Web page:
Friday, November 22, 2019

A New Scenario?

A month is a long time in politics. And, Susan Delacout writes, the past month has made a difference in Ontario's politics:

Trudeau and Ford will be having what’s widely expected to be a cordial meeting in Ottawa, to talk over what they can do together to help the province.
Officials for the prime minister were saying on Thursday evening that they were cautiously optimistic about both the tone and potential for progress at the meeting, especially on issues related to infrastructure and transit.
For his part, Ford doesn’t seem to be holding any post-campaign grudges.
“Politics is politics and I have a pretty thick skin and I understand what he was doing,” the premier said when asked about how he’ll work with a leader who cast him as an enemy for 40 days running. “When I had a conversation with him, I told him politics are done and let’s roll up our sleeves and start working together.”

And there is no talk of alienation:

All the talk of Western alienation in the wake of the federal election has almost erased the memories of the running antagonism between Ford and Trudeau during the campaign. It raised very real questions about how Ottawa and Ontario could possibly work together.
But note, as Ford surely has, that no one is talking about “Ontario alienation” in the aftermath of the election and the national fissures it has exposed. More than half of Trudeau’s new cabinet members are from Ontario, and the Toronto contingent is placed in some of the most senior roles: Chrystia Freeland as deputy prime minister, Bill Morneau in finance, Bill Blair at public safety.
Trudeau is reportedly going to urge Ford to cultivate deeper relationships with all of these ministers, especially Freeland, who is also going to be serving as minister of intergovernmental affairs.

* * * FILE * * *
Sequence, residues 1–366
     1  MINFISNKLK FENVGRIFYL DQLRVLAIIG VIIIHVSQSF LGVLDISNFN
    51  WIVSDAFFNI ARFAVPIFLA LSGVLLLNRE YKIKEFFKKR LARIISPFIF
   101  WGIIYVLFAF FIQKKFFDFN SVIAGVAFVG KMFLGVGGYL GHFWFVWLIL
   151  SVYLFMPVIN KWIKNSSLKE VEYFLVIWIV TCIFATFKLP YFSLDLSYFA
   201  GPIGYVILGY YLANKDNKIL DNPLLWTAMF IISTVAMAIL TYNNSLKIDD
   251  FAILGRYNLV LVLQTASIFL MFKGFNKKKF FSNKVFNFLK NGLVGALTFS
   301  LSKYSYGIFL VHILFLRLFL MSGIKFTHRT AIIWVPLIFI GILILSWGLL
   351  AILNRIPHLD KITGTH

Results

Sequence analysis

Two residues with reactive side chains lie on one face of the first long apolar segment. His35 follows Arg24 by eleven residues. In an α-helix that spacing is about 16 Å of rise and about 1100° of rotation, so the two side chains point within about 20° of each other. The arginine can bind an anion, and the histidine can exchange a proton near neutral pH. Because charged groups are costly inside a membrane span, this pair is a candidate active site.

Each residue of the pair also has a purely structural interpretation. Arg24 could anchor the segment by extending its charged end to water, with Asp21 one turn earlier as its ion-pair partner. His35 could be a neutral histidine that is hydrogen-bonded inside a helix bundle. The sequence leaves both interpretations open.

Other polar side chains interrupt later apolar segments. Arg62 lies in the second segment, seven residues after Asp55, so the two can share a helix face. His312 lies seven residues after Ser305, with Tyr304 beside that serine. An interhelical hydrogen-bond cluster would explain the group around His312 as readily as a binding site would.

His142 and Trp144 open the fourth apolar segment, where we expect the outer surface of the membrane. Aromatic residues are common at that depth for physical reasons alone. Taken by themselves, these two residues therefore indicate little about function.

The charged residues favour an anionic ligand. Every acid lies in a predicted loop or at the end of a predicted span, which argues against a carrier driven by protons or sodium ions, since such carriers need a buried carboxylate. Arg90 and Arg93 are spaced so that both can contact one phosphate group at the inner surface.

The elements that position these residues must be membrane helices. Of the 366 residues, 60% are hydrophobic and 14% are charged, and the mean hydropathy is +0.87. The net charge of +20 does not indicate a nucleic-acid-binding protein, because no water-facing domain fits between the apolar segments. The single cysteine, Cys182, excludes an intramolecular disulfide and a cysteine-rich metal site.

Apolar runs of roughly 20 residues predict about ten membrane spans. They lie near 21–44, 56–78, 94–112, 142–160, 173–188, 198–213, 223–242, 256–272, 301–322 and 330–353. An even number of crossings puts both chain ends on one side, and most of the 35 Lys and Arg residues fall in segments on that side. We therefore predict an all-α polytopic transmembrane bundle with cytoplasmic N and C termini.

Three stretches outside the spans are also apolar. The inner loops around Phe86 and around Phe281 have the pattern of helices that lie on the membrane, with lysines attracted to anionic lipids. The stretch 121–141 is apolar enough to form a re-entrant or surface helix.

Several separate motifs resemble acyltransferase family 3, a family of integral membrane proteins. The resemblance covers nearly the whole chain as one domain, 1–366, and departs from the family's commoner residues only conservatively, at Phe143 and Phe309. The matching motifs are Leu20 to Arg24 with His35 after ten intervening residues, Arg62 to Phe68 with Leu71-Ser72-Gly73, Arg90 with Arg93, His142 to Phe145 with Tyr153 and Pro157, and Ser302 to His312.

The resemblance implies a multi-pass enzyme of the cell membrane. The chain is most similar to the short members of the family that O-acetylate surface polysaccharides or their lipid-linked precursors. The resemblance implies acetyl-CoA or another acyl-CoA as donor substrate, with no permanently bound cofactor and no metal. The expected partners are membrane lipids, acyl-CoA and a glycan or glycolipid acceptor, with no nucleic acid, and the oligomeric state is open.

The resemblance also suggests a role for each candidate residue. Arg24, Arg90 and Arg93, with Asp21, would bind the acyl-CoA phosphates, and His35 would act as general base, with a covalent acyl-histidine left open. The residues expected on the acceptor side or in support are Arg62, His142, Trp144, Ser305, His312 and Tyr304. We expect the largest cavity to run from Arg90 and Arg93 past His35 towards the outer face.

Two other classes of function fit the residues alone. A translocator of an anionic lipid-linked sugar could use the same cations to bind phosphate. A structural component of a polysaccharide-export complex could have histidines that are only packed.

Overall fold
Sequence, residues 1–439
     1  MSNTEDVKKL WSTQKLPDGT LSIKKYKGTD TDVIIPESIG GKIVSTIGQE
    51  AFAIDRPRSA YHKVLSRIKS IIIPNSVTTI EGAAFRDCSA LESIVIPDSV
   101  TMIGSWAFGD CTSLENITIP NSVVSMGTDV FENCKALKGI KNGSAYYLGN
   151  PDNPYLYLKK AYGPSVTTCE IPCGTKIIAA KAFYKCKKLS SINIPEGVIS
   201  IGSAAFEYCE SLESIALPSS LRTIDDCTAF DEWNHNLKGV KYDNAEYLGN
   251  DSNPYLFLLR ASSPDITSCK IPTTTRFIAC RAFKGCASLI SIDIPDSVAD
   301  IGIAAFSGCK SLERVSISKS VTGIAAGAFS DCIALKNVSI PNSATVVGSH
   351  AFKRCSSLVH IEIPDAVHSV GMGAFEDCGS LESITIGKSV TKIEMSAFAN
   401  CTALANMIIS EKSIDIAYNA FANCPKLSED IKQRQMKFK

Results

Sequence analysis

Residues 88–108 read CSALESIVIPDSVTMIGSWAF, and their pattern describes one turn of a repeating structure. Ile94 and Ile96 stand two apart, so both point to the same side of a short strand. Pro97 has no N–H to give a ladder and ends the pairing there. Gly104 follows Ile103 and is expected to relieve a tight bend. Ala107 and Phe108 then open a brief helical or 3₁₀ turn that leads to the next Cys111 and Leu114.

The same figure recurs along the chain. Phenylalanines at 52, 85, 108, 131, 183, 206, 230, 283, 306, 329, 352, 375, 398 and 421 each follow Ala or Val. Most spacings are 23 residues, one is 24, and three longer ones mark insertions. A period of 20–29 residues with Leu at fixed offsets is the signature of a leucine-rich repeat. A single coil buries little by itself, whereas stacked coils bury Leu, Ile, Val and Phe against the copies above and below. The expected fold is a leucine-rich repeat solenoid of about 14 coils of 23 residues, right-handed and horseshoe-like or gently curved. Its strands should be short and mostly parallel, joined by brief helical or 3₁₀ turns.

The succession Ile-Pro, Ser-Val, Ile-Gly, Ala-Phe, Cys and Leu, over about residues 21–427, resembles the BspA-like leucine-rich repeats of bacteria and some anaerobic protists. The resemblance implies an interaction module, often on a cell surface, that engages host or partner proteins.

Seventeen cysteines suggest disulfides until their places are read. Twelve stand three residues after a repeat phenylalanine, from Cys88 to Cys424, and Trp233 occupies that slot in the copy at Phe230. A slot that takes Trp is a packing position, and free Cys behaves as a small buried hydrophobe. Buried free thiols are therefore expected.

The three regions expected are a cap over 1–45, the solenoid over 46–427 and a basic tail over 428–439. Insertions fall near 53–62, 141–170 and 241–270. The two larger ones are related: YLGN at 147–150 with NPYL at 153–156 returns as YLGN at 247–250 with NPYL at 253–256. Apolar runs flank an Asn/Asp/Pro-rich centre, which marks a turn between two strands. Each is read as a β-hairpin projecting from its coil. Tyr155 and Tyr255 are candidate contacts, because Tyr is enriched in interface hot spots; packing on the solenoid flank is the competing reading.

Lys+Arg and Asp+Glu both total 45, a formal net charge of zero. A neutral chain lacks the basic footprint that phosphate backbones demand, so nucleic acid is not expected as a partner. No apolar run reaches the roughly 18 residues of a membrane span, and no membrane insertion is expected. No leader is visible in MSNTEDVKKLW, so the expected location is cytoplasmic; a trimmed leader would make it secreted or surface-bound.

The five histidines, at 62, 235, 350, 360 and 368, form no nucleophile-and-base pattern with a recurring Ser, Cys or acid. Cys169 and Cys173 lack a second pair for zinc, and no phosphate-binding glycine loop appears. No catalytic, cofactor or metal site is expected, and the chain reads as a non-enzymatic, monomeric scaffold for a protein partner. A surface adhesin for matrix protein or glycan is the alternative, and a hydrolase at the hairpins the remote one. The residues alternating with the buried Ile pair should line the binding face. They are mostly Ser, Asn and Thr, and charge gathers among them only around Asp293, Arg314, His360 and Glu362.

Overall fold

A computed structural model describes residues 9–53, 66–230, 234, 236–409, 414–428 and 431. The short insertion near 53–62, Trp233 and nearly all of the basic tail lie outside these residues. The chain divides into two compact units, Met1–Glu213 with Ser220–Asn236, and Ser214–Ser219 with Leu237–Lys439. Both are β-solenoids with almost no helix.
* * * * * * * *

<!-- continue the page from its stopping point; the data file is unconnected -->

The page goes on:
Indeed, the Freeland-Ford relationship may be the one to watch in the coming months.

Freeland proved during trade negotiations in Washington that she knows how to deal with difficult people. Politics should not be about obliterating your opponents. It should be about creating win-win scenarios. Who knows? Perhaps such a scenario can happen in Ontario.

Image: The Toronto Star


Anonymous said...

Sounds like Bay Street told Ford to drop the junior varsity GOP act and work with Trudeau on getting PPP infrastructure funding and other goodies.


Owen Gray said...

I suspect that's exactly what happened, Cap.

e.a.f. said...

Ford was put in the broom closet by the Cons during the election, something, I'm sure he wasnt keen on. Trudeau is most likely being nicer to him than Scheer and Kenny. In my opinion, Scheer and Kenny's religious beliefs spill over into the political, while Ford, using the religious right to attain office, himself is more secular . there fore it will be easier to do business with him.

By now the world knows Freeland isn't a push over. Kenny and scheer may not have gotten the memo and have problems dealing with her. Freeland will most likely have a chat with Kenny which will leave him stunned, thinking he can get away with his wexit routine. he might do well to remember Freeland was getting on a plane to leave Europe when negotiations ground to a halt because one politicians wouldn't buy in. Kenny could find he has no power. if the other premiers buy into programs and he doesn't Alberta may find they've been left out in the cold or Ms. Freeland simply does a work around. Other premiers won't be happy if Kenny holds up programs for the whole country and the voters of Alberta won't be happy if they miss out on programs the rest of Canada has.

The majority of voters do not live in Alberta and Sask. Alberta never did send a lot of Liberal M.P.s to Ottawa so who cares what Kenny wants. Alberta may have sent a lot of money to Ottawa, but they made a lot of money and what they made, a lot of it was pissed away by the Conservatives in Alberta.

Owen Gray said...

I suspect that Kenney will opt out of things like a national phramacare program, e.a.f. -- until Albertans tell him to get with the program.

e.a.f. said...

I note his attempt to restrict access to some forms of health care failed to pass in the Alberta Leg. The boy is, in my opinion, what I call the christian taliban. in his case,the catholic tabliban. If things are so bad in Alberta, as he alleges, he will truly look like an idiot if attempts to block people from accessing better pharma care. Although B.C. has a government plan of sorts, I'm not aware Alberta does.

Owen Gray said...

My guess, e.a.f, is that Kenney will claim Alberta can't afford pharmacare.